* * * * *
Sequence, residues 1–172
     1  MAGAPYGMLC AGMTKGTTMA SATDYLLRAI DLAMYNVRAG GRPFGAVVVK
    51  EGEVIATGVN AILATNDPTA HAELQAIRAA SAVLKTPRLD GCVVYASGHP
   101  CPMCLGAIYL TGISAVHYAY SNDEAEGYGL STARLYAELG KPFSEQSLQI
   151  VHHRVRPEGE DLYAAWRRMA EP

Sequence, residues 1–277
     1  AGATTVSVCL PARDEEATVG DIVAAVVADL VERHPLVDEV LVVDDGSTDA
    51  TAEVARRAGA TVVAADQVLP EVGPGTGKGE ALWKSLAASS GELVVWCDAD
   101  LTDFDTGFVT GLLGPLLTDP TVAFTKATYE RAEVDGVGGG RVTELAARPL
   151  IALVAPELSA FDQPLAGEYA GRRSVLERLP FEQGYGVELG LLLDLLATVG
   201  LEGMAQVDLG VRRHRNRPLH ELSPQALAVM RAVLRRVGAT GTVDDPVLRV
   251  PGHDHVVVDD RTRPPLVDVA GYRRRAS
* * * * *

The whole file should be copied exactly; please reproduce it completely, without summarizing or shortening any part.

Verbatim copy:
Sequence, residues 1–172
     1  MAGAPYGMLC AGMTKGTTMA SATDYLLRAI DLAMYNVRAG GRPFGAVVVK
    51  EGEVIATGVN AILATNDPTA HAELQAIRAA SAVLKTPRLD GCVVYASGHP
   101  CPMCLGAIYL TGISAVHYAY SNDEAEGYGL STARLYAELG KPFSEQSLQI
   151  VHHRVRPEGE DLYAAWRRMA EP

Sequence, residues 1–277
     1  AGATTVSVCL PARDEEATVG DIVAAVVADL VERHPLVDEV LVVDDGSTDA
    51  TAEVARRAGA TVVAADQVLP EVGPGTGKGE ALWKSLAASS GELVVWCDAD
   101  LTDFDTGFVT GLLGPLLTDP TVAFTKATYE RAEVDGVGGG RVTELAARPL
   151  IALVAPELSA FDQPLAGEYA GRRSVLERLP FEQGYGVELG LLLDLLATVG
   201  LEGMAQVDLG VRRHRNRPLH ELSPQALAVM RAVLRRVGAT GTVDDPVLRV
   251  PGHDHVVVDD RTRPPLVDVA GYRRRAS